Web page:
A Sip of The Refreshments

The Refreshments



Hamilton Spectator

August 22, 1996


You’ve gotta admire a band that can rhyme the word “guard” with the name Captain Jean-Luc Picard,  whom Trekkers know as the captain of the most powerful Starship in the United Federation Of Planets, the Enterprise.

And you’ve gotta admire a band who tried to contact Patrick Stewart, the classy actor who immortalized the role of Picard in the classic cult sci-fi TV series Star Trek: The Next Generation, for a role in the video of the song from which that stanza is extracted, a fun-filled romp called “Banditos.”

“He was in London and he couldn’t do it,” Brian David Blush, guitarist for pop rockers The Refreshments, is saying over the phone from the band’s home base of Tempe, Arizona.

“So then we contacted William Shatner’s people (Captain Kirk of the original Star Trek TV series), and he flat out said ,’No.'”

Nonplused, the four-piece band — which includes singer and chief songwriter Roger Meade Clyne, bassist Buddy (Arthur) Eugene Edwards III and drummer P.H. Naffah — decided to take matters into their own hands.

The Refreshments

“We figured between the four of us that we had enough bad actors,” said Blush, specifically citing Shatner’s refusal to participate.

Welcome to the wacky world of The Refreshments, whose new album Fizzy, Fuzzy, Big & Buzzy is threatening to put the fun and excitement back into rock and roll.

Blush admits as much when he recalls how The Refreshments first got started.

“When we got together originally, we didn’t have a blueprint for where we wanted to go,” he recalls. “We weren’t this angst-driven bunch of kids who wrote songs as an outlet of frustration. We were more inclined to run off to Mexico , and generally have good fun.”

In fact, the song “Banditos” is about a Mexican getaway of another kind.

“‘Banditos’ is sort of our ode to amateur bank robbery,” says Blush. “Sort of our version of Butch Cassidy And the Sundance Kid. We were all poorer then we are now, and since we live fairly close to the Mexican border, we thought we could knock off a convenience store and safely make it across the border before we were caught.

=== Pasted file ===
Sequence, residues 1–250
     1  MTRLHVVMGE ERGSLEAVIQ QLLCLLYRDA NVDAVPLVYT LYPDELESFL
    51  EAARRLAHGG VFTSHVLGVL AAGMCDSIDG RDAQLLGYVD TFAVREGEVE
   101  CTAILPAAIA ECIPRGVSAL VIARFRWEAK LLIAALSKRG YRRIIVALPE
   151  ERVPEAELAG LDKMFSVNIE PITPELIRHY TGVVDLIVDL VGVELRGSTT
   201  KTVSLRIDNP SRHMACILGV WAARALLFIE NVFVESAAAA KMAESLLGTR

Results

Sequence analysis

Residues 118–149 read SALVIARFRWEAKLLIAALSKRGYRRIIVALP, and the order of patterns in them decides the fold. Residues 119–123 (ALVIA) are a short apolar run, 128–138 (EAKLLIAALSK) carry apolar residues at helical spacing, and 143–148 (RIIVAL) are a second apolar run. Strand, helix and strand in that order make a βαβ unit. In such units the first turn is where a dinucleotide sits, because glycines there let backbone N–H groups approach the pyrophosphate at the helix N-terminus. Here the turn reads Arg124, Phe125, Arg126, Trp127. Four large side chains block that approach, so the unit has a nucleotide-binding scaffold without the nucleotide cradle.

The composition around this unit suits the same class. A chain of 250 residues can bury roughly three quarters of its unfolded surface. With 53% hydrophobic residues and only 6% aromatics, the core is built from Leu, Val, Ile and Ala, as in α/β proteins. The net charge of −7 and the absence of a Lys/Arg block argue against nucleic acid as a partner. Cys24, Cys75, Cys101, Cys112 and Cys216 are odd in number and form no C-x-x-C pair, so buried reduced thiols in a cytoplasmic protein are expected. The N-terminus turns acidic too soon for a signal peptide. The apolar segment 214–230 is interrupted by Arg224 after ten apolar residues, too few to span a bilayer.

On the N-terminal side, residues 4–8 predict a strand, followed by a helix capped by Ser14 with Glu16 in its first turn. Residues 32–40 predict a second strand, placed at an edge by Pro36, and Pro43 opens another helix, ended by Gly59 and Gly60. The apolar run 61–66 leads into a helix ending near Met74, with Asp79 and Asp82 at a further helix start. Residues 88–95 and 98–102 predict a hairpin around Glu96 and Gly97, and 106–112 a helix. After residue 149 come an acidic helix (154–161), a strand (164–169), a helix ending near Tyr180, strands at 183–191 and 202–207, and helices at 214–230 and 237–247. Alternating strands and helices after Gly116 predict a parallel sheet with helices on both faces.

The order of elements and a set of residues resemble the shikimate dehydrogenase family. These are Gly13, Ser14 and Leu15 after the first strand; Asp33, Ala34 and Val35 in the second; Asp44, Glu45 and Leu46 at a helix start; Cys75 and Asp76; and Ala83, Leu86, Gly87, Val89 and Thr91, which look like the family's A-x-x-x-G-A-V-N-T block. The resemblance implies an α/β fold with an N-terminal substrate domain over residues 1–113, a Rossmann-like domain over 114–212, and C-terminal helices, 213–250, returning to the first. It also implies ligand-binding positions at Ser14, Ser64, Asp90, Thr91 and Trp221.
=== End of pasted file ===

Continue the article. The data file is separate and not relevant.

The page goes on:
“We figured it would be more beneficial to actually write a song about it then actually do it.”

Blush says Tempe, also home of The Gin Blossoms, The Meat Puppets and Dead Hot Workshop, is located about three hours from the Mexican border town of Nogales.

“We spend as much time there as possible, making general pilgrimages,” says Blush. “Mexico is a country we have a lot of respect for, especially its culture. It’s incredibly close to our hearts.”

Founded three years ago during a card game, Blush says the band went through a few names until they settled on The Refreshments.

“We originally started out as All You Can Eat, which I think was Roger’s suggestion, and I absolutely hated it,” he recalls. “The next name that was suggested was Pop Enema, and I said, ‘Absolutely not!’ I did not want to call home and tell my parents that I was the guitarist for Pop Enema.

“I’m not sure exactly who suggested The Refreshments or where exactly the name came from. I know it was the only one that didn’t cause a fistfight to break out between band members.”

Although this is The Refreshments’ first extended club tour of Canada, it isn’t their first area appearance. Only a few weeks ago, they made their Canadian debut at Edenfest, as the very first act on stage.

“We were treated unbelievably well,” recalls Blush.

“It was a terrific experience. The only unfortunate part of the whole trip is that our driver got lost on the way there. We had been sleeping the whole time, so we woke up about 45 seconds before we were supposed to be on stage.”